As part of our 2021 Rural Child Hunger Summit, our founder and executive chair Billy Shore interviewed Secretary of Agriculture and the event’s keynote speaker, Tom Vilsack about rural hunger and the future of American policy.
(This Q&A has been shortened for space. To view the full keynote from Secretary Vilsack as well as the full Q&A, you can find the video here)
Hunger in the United States, particularly childhood hunger, is a solvable problem. We have no shortage of food, no shortage of food programs, but it's been a matter of political will. It seems like this is a moment where there is more political will to get big things done. There was a new $1.9 trillion American Rescue Plan and, just this morning, we read about a proposed $3 trillion investment in infrastructure.
When it comes to rural hunger, what could we be doing to help build the political will necessary to get big policies enacted?
Secretary Tom Vilsack:
You know, Billy, one of the challenges in a crisis is the fact that you kind of want to hunker down. I mean, we literally had to go into our homes and sort of disconnect ourselves from our friends and our neighbors and our family during this crisis, which is actually the opposite of what we need to do. In terms of responding to this crisis, we need to engage it. We need to recognize the opportunity it creates for transformational change.
This crisis exposed so much about our country. It exposed the fact that our food system is not as reliable and resilient as it needs to be. It exposed the fact that so many families were on the edge to begin with, and COVID basically pushed them over the edge.
So once you have an understanding of the cracks that have been shown as a result of this, then I think it is up to us, this generation of Americans, to respond to that challenge just in the same way that previous generations of Americans have responded to the big challenges they face, whether it's a Depression or World War. This is our opportunity to provide a legacy of this generation to future generations in this country.
To do this. I think you have to transform the American economy. I think that's why in addition to what we've done on the COVID relief effort, we've got to compliment that with a bold plan to rebuild the economy of this country, starting with our infrastructure.
In rural places, it means really transforming the entire agricultural economy of this country. And I think frankly the other challenge that we face that we have to meet is the climate challenge.
There are tremendous opportunities to create new jobs, new income sources in rural places, by responding aggressively to the challenge of climate. At the same time, creating the kind of economy that allows families not to have to need a SNAP program, not to have the assistance and help of a stimulus check or unemployment compensation, because people are employed. People are working hard, people are making a decent living and they can basically support their families. I think it starts with the economy.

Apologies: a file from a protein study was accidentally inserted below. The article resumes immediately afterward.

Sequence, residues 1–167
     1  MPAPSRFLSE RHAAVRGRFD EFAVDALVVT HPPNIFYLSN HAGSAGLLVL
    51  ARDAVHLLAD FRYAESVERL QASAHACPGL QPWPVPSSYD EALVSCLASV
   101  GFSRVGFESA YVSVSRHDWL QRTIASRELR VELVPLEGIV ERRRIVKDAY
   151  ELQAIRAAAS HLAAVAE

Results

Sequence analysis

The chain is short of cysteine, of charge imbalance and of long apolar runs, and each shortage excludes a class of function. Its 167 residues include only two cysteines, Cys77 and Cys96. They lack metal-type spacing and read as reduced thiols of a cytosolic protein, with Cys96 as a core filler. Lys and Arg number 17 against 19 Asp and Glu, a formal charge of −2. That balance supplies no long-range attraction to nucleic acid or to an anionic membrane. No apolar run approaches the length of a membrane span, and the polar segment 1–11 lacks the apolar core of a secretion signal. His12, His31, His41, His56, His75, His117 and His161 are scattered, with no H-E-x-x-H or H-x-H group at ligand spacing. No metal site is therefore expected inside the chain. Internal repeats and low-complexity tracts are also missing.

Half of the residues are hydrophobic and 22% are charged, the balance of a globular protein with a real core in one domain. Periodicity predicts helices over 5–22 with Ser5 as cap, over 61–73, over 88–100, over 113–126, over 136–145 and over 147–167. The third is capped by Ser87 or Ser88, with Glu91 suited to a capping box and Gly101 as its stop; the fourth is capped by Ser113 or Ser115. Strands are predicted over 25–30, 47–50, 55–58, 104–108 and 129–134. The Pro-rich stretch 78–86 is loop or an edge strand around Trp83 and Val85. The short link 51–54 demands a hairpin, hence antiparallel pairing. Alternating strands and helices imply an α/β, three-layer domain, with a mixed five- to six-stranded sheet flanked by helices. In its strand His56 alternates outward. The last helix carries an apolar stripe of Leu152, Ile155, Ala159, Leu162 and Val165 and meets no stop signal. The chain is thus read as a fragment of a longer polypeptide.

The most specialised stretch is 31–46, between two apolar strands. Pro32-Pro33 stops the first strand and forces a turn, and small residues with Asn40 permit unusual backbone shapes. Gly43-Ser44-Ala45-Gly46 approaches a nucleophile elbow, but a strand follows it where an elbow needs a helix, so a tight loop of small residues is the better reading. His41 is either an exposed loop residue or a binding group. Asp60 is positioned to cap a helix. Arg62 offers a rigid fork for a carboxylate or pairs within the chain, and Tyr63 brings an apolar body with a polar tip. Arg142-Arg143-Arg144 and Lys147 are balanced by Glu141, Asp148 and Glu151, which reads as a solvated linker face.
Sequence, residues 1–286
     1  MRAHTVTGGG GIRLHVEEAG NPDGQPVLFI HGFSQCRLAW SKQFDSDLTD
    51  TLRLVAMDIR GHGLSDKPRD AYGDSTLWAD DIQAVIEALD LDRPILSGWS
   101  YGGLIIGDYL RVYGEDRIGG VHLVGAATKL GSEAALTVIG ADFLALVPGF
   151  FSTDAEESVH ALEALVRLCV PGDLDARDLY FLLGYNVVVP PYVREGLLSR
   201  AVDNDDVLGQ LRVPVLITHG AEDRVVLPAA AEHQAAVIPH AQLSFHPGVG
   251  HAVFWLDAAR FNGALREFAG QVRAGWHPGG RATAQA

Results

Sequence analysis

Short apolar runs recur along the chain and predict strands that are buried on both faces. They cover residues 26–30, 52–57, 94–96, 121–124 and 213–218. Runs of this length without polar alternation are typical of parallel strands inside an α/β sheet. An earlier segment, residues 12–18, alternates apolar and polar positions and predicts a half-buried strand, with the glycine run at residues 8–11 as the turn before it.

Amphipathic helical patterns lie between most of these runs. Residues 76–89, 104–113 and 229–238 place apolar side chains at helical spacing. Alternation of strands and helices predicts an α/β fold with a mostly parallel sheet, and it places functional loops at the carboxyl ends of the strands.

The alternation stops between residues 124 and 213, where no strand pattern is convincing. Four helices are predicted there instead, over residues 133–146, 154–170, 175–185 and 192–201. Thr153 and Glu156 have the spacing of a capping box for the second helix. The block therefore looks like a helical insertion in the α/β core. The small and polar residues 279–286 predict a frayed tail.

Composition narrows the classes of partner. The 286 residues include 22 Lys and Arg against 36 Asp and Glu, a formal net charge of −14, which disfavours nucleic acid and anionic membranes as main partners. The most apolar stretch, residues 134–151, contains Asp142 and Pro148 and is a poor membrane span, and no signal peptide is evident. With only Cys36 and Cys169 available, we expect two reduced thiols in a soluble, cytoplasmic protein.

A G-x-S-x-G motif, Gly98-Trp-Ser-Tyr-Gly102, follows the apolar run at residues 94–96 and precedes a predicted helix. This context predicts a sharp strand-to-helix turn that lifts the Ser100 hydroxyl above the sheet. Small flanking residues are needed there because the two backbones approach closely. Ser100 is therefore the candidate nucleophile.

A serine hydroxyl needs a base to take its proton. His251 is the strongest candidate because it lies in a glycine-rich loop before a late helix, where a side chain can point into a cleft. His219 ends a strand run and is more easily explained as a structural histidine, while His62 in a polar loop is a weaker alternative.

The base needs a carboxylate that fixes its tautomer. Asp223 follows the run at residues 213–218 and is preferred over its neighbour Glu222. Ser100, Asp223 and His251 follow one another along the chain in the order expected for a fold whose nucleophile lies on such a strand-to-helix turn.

Under your previous leadership at the USDA, we got much better at making sure that kids who needed the meals that they were eligible for were getting them and their families were getting the support they needed through programs like SNAP and WIC.
But what you just said, I think is an important challenge for all of us, because you're saying we need to go beyond that. We need to help prevent hunger in the first place, and we need to get to the root causes of why families, rural or urban, are struggling. I think that means that we need to expand our own advocacy to not just be focused on nutrition programs, but rather these larger economic issues. Is that fair?
That's absolutely right. I think it's a dual challenge. We don't want you to give up and take the foot off the gas in terms of putting pressure on our leaders to do what's right in the school nutrition programs, making sure that they improve, that they’re accessible and conveniently available.
We want to make sure we don't stigmatize youngsters who are in these programs. I think that's one of the reasons why we went to universal, free lunch during the summer months, and in the next couple of weeks, we’re going to try to figure out if that's something that could be extended for the next school year, given the crisis.
But at the root of it, you got to have an economy that puts people to work. You have to have an economy that doesn't decimate the middle-class but builds it back up. […]
• How do we look at the new Childcare Credit that was passed as part of the American Rescue Plan? How do we make that permanent? That's pretty important. That's $1,600 to a family that could really make a difference in terms of their ability to make ends meet.
•How do we make sure that childcare is available and affordable?
•How do we make sure that that college is available and affordable in this new economy?
These are really big issues. They require resources and commitments. But I think our country's future depends on our ability to focus on these at this point in time.
It also means the equity issue. The fact is that systemic racism in this country has cost, according to one study, $16 trillion to our economy over the last 20 years. And if we were simply providing equitable relief to folks, it would add another $5 trillion to our GDP. Now, think about that. Think about how many people would be employed well and paid well, and how fewer people would have to rely on programs like SNAP instead of, as we see now, 43 million Americans, 14 million of whom are children.
We should be focused on a holistic and comprehensive approach to this. Not just simply focusing on one aspect of it but, as you say, going to the root causes of it.
Secretary. You've been very generous with your time. I wish we could talk longer. I'm inspired by your leadership as always. Know that you've got at least a thousand folks here from community organizations all around this country.